EDMONTON — An Alberta First Nation that’s suing the province and federal government is asking a court to force them to pay all trial expenses up front to try to stop them from ragging the puck on the lawsuit.
"If the Crown has to contribute to funding the litigation, they’re going to want to find the most efficient and quickest way possible," said Karey Brooks, lawyer for the Beaver Lake Cree, who live about 100 kilometres north of Edmonton near Lac La Biche.
"Right now, the incentive is the other way."
The First Nation has filed a request — known as an application for advance costs — for the two levels of government to front all of its legal costs.
In 2008, the Beaver Lake Cree filed a lawsuit against Alberta and Ottawa alleging that so much development had been permitted on their land that it had rendered their right to traditional activities meaningless.
The band counted more than 19,000 development permits issued for the area, mostly for energy development, covering 90 per cent of its land. It alleges it has never been properly consulted on the developments or compensated for the damage they have caused.
When asked to comment on the request for coverage of legal costs, the Alberta government said in an email that it considers its relationship with the First Nation important and is committed to reconciliation with Indigenous peoples.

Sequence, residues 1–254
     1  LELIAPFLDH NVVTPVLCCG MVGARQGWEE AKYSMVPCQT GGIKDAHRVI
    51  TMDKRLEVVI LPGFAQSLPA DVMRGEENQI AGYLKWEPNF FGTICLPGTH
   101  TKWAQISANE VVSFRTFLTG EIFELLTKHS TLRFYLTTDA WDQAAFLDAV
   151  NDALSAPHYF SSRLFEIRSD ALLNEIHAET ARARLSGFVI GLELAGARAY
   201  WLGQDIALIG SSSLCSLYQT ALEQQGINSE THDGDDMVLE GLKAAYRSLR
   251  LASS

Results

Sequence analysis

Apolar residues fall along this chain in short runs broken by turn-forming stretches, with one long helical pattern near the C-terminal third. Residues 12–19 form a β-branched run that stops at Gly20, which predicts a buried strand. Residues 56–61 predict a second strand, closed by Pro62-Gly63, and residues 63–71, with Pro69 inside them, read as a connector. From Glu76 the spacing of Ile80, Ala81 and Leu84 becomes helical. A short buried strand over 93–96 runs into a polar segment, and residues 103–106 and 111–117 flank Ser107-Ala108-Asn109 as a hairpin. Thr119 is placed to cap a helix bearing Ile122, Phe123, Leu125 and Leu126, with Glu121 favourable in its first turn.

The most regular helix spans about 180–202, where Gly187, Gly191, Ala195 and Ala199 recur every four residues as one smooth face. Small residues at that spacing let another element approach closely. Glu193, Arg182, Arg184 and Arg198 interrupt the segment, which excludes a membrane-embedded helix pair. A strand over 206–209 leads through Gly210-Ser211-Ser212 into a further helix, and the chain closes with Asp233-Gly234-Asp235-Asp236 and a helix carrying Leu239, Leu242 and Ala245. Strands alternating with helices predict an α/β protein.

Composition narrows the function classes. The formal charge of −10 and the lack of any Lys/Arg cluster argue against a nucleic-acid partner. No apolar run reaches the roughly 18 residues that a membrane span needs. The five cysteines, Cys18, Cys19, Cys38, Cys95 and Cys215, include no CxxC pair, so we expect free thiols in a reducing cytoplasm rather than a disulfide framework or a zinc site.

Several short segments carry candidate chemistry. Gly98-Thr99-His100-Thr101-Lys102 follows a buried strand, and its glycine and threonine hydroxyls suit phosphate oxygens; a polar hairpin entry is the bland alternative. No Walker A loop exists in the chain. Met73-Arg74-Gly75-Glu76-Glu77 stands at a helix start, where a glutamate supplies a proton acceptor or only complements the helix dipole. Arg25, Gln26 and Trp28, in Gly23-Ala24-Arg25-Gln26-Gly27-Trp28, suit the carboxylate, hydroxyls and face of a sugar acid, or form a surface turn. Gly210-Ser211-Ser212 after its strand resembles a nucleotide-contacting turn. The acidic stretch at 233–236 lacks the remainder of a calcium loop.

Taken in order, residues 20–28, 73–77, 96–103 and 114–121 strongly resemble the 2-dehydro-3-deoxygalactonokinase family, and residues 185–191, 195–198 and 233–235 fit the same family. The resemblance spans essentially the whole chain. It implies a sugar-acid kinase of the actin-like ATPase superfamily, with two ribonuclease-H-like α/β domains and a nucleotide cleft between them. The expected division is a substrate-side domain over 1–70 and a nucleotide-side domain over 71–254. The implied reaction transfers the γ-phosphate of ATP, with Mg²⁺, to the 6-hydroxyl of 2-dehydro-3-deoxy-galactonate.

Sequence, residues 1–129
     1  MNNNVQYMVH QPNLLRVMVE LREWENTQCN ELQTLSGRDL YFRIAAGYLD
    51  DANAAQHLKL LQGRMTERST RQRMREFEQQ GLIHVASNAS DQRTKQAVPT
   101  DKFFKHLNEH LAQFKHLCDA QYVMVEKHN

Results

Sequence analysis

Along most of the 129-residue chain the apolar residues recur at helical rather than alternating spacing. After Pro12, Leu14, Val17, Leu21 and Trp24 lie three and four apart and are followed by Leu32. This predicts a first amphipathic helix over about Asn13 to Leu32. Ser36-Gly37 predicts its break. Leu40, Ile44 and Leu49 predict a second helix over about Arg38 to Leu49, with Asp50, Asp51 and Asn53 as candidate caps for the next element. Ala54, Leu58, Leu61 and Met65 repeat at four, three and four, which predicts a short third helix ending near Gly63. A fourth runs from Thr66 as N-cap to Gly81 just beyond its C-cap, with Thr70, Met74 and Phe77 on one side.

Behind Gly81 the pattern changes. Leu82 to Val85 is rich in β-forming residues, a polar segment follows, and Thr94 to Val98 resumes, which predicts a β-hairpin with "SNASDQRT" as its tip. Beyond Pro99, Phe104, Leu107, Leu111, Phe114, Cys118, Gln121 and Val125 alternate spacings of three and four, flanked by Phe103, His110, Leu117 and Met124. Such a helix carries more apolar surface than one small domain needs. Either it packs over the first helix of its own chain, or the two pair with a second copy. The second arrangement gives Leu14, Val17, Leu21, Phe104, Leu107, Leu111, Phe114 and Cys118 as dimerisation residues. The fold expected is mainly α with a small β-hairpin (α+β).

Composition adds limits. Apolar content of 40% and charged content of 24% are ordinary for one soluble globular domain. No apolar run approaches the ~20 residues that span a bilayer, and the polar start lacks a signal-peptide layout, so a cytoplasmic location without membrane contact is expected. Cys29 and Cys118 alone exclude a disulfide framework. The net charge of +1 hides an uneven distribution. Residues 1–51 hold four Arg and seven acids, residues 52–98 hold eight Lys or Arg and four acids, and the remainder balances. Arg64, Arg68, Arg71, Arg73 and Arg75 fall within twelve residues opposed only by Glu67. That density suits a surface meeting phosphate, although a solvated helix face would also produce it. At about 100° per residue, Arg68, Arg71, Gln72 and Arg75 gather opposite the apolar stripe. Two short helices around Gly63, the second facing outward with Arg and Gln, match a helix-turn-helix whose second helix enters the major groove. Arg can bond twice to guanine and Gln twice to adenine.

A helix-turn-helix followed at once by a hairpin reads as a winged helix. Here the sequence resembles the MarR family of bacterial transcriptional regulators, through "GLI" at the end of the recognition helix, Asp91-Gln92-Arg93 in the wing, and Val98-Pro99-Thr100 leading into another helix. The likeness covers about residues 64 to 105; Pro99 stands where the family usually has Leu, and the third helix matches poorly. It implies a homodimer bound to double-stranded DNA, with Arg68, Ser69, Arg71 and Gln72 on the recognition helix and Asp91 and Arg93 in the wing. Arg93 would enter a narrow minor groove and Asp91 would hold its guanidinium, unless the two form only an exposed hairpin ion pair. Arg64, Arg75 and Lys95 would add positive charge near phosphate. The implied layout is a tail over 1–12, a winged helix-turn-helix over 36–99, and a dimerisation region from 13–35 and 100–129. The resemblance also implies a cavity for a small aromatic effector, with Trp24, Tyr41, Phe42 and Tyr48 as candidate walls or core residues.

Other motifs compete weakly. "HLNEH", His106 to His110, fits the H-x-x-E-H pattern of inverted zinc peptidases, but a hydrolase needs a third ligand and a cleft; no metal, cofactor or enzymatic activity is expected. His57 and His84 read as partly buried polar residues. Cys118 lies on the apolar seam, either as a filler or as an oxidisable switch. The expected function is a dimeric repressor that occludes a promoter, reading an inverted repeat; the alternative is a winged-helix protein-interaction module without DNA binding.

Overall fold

"We are assessing Beaver Lake Cree nation’s request and hope to be able to follow up soon," the email from Alberta’s Indigenous relations ministry said.
The governments filed numerous applications to have the lawsuit dismissed. In 2012, a Queen’s Bench judge ruled the claim could proceed and, after the Crown filed an appeal, the province’s top court agreed the claim could go ahead.
Brooks acknowledged the case is complex and involves records numbering in the hundreds of thousands of pages.
Still, she said co-operation has been grudging, even after the Court of Appeal’s ruling. Brooks said the Crown continues to use delaying tactics and has produced few of the documents the First Nation has requested, arguing the case is so large as to be almost unmanageable.
"We’ve been saying, ‘Produce something. Start somewhere,"’ Brooks said. "It’s been really difficult to get momentum.
"The Crown defendants have the benefit of the deep pockets. It’s (Beaver Lake’s) hope that advance costs will enable them to finance the litigation and drive the parties forward efficiently."
The First Nation calculates it has already spent about $2.8 million on the lawsuit, about half paid for through outside donations and half by the band. It estimates that concluding the action will cost another $2.2 million.
That’s tough on the band’s finances, said treaty co-ordinator Crystal Lameman.
"We’re having to sacrifice housing, education, health — very basic necessities and very basic treaty rights in order to continue to fight for our treaty rights."
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